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Albinism is a rather rare genetic disorder and it features with complete or partial absence of specific pigment called melanin. It may also occur as a consequence of absence of the enzyme involved in production of melanin. Albinism affects less than 5 people in a million.

There are several forms of albinism. Two main forms are oculocutaneous albinism and X-linked ocular albinism. Additionally, albinism may be one of the characteristics of some other medical conditions such as Hermansky-Pudlak syndrome, Chediak-Higashi syndrome, Gricelli syndrome, Waardenburg syndrome, and Tyetz syndrome.

Oculocutaneous Albinism

This type of albinism can be further divided into 4 sub-types. The absence of pigment melanin affects the skin, hair and the eyes. Because the iris has no pigment these people appear to have red eyes. Depending on the subtype of this form of albinism people may begin or even be able to produce melanin during childhood and adolescence. The hair can turn from white to golden blond or even brown. The skin usually stays white and in some cases it may ten a bit. And finally, even the iris may change in color. Type 2 oculocutaneous albinism typically affects Sub-Saharan Africans and African Americans. Their hair is yellow or reddish-brown and eyes are blue-grey or tan. The skin of these people is white. If exposed to the sun people suffering from type 2 oculocutaneous albinism may develop freckles, moles and lentiges. Type 3 affects dark colored South Africans. Their hair is auburn, reddish or ginger and eyes hazel or brown. And finally, type 4 oculocutaneous albinism commonly affects Japanese descendants.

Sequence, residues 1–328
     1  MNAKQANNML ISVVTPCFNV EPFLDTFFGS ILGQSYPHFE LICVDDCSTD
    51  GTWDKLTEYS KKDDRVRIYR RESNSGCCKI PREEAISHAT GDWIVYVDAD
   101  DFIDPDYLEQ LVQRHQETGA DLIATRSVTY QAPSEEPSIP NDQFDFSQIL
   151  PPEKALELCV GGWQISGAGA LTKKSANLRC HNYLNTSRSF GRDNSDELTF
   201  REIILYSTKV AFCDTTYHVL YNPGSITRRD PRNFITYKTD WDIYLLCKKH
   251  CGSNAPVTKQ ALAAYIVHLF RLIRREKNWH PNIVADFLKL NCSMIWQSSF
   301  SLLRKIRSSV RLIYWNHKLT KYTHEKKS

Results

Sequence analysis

X-Linked Ocular Albinism

In ocular albinism only the eyes are affected by the lack of pigment. People suffering from this type of albinism have normal color of the skin and hair, though their hair and skin may be slightly lighter comparing to parent's skin and hair. It may also occur that these people have a normal color of the eyes. Since ocular albinism is related to the X chromosome men are more affected than women.

Albinism in Other Syndromes

Hermansky-Pudlak Syndrome commonly features with symptoms of bowel and lung disease and bleeding disorder. People suffering from this syndrome also suffer from symptoms that are typical for oculocutaneous albinism.

Chediak-Higashi Syndrome is a genetic disorder in which multiple systems of the body are affected. This syndrome also includes symptoms similar to those that occur in oculocutaneous albinos. Their hair may be brown or blond but has a specific silvery shine. The eyes of patients suffering from Chediak-Higashi Syndrome range from creamy white to grayish.

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